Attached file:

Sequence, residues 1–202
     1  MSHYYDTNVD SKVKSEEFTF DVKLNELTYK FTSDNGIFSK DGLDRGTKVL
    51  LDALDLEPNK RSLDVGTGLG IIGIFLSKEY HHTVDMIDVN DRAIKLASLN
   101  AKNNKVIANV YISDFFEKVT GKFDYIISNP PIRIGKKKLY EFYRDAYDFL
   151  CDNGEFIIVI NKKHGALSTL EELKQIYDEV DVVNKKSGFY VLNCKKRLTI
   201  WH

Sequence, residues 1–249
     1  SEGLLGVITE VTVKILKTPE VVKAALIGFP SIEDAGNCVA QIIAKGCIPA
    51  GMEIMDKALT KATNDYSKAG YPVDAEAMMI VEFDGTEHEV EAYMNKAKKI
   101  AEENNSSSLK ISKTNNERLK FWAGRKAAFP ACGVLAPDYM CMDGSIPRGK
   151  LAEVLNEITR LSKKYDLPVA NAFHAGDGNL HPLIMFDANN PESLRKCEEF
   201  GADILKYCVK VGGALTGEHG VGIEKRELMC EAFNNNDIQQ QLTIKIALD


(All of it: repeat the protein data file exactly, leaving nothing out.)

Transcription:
Sequence, residues 1–202
     1  MSHYYDTNVD SKVKSEEFTF DVKLNELTYK FTSDNGIFSK DGLDRGTKVL
    51  LDALDLEPNK RSLDVGTGLG IIGIFLSKEY HHTVDMIDVN DRAIKLASLN
   101  AKNNKVIANV YISDFFEKVT GKFDYIISNP PIRIGKKKLY EFYRDAYDFL
   151  CDNGEFIIVI NKKHGALSTL EELKQIYDEV DVVNKKSGFY VLNCKKRLTI
   201  WH

Sequence, residues 1–249
     1  SEGLLGVITE VTVKILKTPE VVKAALIGFP SIEDAGNCVA QIIAKGCIPA
    51  GMEIMDKALT KATNDYSKAG YPVDAEAMMI VEFDGTEHEV EAYMNKAKKI
   101  AEENNSSSLK ISKTNNERLK FWAGRKAAFP ACGVLAPDYM CMDGSIPRGK
   151  LAEVLNEITR LSKKYDLPVA NAFHAGDGNL HPLIMFDANN PESLRKCEEF
   201  GADILKYCVK VGGALTGEHG VGIEKRELMC EAFNNNDIQQ QLTIKIALD